Government of New Brunswick
task-force-groupe de travail-category

Status of the Artist

The report can be accessed here: Status of the Artist Report

After 7 years of work, the Premier’s Task Force on the Status of the Artist report is completed.

The Report highlights 24 recommendations, which address the improvement of the socio-economic status of professional artists.

The Report is divided in four parts:

  1. Understanding Creative Work
  2. Artists living in Economic Insecurity
  3. A Legal Framework
  4. Increasing the Median Income and Access to Social Benefits for Artists

The following items would ensure provisions specific to New Brunswick Professional Artists and the recognition of their profession:

  • Definition of professional artist
  • Recognition of professional artists in New Brunswick
  • Individual negotiations rights for professional artists

In summary, the report addresses the socieconomic status of professional artists in New Brunswick, and introduces the creation of legislation:

  • Providing a general framework to affirm recognition and fair compensation for professional artists, and;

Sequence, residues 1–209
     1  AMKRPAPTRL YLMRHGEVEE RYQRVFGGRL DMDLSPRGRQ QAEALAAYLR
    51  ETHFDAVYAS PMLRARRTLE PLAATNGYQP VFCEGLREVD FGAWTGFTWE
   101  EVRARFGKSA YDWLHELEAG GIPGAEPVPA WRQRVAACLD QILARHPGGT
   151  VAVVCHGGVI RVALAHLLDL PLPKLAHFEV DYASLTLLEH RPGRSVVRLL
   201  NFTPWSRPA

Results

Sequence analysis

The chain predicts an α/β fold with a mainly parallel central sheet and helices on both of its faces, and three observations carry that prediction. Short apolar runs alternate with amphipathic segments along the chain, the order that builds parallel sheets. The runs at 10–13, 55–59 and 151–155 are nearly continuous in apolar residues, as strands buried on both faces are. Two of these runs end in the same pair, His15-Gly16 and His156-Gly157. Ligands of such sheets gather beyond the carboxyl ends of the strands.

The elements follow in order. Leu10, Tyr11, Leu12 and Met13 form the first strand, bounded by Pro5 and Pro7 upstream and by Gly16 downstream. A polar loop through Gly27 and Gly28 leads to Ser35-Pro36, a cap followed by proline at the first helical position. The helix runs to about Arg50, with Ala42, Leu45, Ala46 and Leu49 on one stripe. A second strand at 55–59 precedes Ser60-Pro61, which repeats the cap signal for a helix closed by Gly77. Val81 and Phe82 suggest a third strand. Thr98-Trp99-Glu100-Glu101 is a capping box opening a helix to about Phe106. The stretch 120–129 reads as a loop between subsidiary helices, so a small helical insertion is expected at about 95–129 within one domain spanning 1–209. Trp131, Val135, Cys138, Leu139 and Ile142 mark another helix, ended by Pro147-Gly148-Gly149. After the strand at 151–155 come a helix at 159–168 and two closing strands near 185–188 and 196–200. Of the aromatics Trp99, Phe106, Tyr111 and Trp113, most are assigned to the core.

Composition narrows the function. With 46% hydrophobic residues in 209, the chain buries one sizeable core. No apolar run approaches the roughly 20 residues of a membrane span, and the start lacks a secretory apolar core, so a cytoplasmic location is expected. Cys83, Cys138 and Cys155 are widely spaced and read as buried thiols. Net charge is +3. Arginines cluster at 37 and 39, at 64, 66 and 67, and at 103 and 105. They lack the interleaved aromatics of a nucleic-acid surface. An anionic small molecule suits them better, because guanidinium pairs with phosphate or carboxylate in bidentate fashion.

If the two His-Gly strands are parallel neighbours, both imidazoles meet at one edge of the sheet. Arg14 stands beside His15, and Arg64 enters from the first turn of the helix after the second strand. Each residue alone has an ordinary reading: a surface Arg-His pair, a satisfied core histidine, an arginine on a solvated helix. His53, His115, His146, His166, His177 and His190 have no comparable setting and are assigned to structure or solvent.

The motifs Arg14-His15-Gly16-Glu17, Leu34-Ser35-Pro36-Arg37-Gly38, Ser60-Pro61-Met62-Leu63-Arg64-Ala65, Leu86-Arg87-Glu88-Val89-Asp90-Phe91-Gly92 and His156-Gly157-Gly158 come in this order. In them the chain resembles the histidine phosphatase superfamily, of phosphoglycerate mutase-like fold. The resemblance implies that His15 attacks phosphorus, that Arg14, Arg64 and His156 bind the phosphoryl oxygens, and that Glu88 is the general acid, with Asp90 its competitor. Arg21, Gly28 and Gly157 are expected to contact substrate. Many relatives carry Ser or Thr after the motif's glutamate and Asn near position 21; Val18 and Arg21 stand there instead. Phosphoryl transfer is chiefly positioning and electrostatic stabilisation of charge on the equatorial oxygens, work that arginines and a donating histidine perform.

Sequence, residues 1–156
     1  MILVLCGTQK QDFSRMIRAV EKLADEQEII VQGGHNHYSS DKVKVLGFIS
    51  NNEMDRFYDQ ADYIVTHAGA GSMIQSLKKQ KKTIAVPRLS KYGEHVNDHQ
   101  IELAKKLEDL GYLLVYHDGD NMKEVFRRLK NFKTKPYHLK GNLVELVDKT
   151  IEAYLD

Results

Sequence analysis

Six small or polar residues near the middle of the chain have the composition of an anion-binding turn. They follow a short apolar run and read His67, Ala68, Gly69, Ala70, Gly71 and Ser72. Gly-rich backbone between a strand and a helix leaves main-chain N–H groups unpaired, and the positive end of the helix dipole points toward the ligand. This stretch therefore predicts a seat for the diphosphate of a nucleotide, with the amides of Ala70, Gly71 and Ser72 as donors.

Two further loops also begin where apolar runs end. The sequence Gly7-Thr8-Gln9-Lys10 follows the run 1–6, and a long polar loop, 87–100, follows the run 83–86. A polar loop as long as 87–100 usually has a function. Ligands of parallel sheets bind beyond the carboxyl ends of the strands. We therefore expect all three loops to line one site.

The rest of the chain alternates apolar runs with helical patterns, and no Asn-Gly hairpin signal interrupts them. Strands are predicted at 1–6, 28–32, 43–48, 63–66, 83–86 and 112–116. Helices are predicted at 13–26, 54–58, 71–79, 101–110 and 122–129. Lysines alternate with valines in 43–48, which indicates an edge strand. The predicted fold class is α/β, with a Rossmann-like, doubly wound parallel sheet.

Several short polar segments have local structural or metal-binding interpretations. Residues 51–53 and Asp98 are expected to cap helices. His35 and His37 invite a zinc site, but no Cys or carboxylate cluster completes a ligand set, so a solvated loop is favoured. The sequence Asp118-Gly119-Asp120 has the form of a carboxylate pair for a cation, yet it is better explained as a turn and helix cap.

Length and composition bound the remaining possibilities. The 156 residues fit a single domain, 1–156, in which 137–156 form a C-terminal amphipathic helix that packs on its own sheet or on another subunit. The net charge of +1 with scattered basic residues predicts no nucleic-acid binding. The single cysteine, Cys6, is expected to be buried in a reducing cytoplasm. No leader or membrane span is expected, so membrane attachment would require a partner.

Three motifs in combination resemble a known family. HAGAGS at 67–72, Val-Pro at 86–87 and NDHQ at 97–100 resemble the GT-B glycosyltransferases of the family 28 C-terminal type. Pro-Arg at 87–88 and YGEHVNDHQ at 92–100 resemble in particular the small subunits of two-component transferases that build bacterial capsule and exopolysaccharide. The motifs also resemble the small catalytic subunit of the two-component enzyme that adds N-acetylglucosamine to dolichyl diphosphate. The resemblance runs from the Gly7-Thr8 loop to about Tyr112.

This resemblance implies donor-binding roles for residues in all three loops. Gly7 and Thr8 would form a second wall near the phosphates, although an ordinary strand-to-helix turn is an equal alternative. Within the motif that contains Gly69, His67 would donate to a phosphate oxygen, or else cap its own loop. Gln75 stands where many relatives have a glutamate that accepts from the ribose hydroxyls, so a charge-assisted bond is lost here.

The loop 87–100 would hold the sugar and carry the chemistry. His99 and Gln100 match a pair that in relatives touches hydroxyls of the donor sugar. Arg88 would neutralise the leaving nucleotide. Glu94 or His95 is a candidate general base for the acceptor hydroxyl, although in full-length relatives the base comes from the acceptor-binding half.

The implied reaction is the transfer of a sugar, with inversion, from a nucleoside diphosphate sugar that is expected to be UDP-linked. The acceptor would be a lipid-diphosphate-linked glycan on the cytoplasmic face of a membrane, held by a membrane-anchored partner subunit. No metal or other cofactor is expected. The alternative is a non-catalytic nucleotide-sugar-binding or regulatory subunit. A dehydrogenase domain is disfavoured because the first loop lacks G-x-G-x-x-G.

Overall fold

• Establishing broad terms for artists’ negotiation.

The Task Force is confident that the report and its recommendations will help achieve an increased median revenue and a greater access to social benefits.

In 2014, the provincial government committed to recognizing and supporting the valuable contributions made by professional artists to provincial prosperity, to increasing their educational opportunities, and to examining and improving the working conditions and the economic and legal status of the artist. Recognizing that “Artists contribute a great deal to New Brunswick’s quality of life, economy and to the strength of the cultural fabric of our communities,” then-Premier David Alward established the Task Force to examine the issues and make recommendations on measures or legislation that would improve the socio-economic status of professional New Brunswick artists. 

Artists are the driving force behind a cultural industry that contributed over $572 million to our provincial GDP in 2018, yet their median annual income remains below that of other workers. In 2016, the median individual income of Canadian artists was $24,300, compared to $43,500 for all workers. The problem is rooted in the fact that most artists are self-employed, with atypical work patterns characterized by intermittent or cyclical periods of activity. As a result, they are often not well served by existing federal and provincial government policies and programs. New Brunswick has no legislation to protect or advance the status of professional artists. By addressing those policy and program gaps and helping professional artists earn a reasonable income, our province will increase its cultural capital, improve its economy, and create a better place for all New Brunswickers to live.